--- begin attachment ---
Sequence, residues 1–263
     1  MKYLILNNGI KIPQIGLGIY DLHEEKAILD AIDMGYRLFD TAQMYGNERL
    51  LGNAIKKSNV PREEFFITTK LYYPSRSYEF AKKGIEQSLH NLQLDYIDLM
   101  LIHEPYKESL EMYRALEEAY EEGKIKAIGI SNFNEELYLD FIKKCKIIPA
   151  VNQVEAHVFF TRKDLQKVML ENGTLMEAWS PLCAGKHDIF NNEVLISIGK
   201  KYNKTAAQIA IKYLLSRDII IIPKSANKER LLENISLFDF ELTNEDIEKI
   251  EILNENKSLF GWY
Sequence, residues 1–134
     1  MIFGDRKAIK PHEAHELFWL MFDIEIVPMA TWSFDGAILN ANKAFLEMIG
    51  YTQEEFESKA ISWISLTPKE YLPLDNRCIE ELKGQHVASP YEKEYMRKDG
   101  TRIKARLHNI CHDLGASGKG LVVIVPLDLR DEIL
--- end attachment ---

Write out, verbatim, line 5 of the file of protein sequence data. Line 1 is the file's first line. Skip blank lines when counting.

   151  VNQVEAHVFF TRKDLQKVML ENGTLMEAWS PLCAGKHDIF NNEVLISIGK